During a recent meeting on poverty, a Republican lawmaker linked poor diet to race, causing a backlash with some fellow elected officials.
With over 46 million Americans living under the poverty line, an effort to bring that number down drastically is happening across the country. In the state of Colorado, the effort is just as strong. During a recent "Economic Opportunity Poverty Reduction Task Force" meeting in Colorado, Republican Colorado State Sen. Vicki Marble made comments that were met with much backlash. When speaking about poverty, the state Senator blamed poverty rates and health in the African American community on poor diet and an increase in eating too much chicken.
"When you look at life expectancy, there are problems in the black race: sickle-cell anemia is something that comes up, diabetes is something that’s prevalent in the genetic makeup and you just can’t help it… Although I've got to say, I've never had better barbecue and better chicken and ate better in my life than when you go down south and you — I mean love it and everybody loves it. The Mexican diet in Mexico with all of the fresh vegetables. And you go down there and they’re much thinner than when they come up here… they change their diet."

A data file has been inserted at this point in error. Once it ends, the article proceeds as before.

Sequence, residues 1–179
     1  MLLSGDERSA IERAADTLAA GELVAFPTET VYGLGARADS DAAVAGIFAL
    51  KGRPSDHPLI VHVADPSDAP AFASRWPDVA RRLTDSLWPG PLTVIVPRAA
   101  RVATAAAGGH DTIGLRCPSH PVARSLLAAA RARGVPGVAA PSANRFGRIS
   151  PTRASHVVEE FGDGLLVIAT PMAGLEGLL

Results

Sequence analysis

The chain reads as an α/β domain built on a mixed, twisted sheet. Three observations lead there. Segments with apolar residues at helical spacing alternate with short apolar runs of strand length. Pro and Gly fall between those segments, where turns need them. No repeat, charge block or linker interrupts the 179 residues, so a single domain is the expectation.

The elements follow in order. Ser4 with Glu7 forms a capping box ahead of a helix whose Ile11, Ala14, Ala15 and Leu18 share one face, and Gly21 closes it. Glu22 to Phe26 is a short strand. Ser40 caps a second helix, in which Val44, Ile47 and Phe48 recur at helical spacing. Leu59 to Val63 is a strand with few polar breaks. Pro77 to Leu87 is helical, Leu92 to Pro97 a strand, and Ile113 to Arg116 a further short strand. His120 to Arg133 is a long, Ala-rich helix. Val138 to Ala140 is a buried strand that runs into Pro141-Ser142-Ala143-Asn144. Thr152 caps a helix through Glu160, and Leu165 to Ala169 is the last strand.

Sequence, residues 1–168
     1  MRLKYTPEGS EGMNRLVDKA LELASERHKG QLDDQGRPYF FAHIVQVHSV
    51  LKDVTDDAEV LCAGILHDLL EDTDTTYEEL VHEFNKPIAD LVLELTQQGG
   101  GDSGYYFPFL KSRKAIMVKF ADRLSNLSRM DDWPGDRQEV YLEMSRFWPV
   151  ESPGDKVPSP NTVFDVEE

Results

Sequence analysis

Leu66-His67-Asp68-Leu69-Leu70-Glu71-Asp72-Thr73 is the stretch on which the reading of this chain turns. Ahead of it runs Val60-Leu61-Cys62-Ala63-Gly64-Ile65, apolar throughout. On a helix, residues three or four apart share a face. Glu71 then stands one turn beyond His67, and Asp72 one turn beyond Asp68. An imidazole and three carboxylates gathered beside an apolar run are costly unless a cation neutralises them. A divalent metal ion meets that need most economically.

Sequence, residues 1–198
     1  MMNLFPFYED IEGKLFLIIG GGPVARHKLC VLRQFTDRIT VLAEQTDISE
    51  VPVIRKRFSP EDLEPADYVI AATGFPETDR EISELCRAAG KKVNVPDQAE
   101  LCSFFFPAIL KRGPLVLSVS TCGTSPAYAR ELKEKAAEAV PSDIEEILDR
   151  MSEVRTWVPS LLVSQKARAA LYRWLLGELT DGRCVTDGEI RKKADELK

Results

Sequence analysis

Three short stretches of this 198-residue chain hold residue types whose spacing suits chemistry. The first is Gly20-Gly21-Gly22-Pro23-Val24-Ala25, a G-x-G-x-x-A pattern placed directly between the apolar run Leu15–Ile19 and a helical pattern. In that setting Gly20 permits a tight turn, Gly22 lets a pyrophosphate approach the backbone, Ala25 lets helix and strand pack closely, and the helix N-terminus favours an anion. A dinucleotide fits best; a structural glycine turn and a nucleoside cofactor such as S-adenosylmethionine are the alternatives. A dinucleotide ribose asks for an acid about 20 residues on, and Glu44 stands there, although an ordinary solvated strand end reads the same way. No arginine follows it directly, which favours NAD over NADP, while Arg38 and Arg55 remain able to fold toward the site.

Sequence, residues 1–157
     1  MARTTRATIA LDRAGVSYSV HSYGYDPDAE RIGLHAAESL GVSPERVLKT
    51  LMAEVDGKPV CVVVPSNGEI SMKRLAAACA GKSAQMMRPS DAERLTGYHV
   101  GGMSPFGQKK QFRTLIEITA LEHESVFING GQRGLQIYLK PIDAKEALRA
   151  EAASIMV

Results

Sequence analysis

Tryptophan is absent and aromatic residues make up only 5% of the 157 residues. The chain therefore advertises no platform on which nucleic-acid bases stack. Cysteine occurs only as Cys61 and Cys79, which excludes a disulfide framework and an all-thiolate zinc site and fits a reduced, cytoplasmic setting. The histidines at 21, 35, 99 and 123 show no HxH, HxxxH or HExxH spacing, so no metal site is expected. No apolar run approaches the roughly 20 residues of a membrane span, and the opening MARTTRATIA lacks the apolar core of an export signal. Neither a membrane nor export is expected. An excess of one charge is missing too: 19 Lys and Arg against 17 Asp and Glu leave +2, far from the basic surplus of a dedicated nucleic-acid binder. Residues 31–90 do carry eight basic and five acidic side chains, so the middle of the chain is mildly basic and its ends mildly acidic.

Fighting back against the comments made by Sen. Marble was Rep. Rhonda Fields (D), who didn't take too kindly to the comments made and openly called them racist.
"The title for this committee is Economic Opportunity Poverty Reduction; and one of the things I will not tolerate is racist and insensitive comments about African Americans, the color of their skin."
One would think that during a discussion about poverty, the idea of speaking about food and diets each racial groups have is a bit off topic. Many studies, including one done by the American Society for Clinical Nutrition, show that poor diet is linked to income and economics, not because of the color of someone's skin. For anyone, let alone an elected official, to blatantly link poor diet to race is simply irresponsible.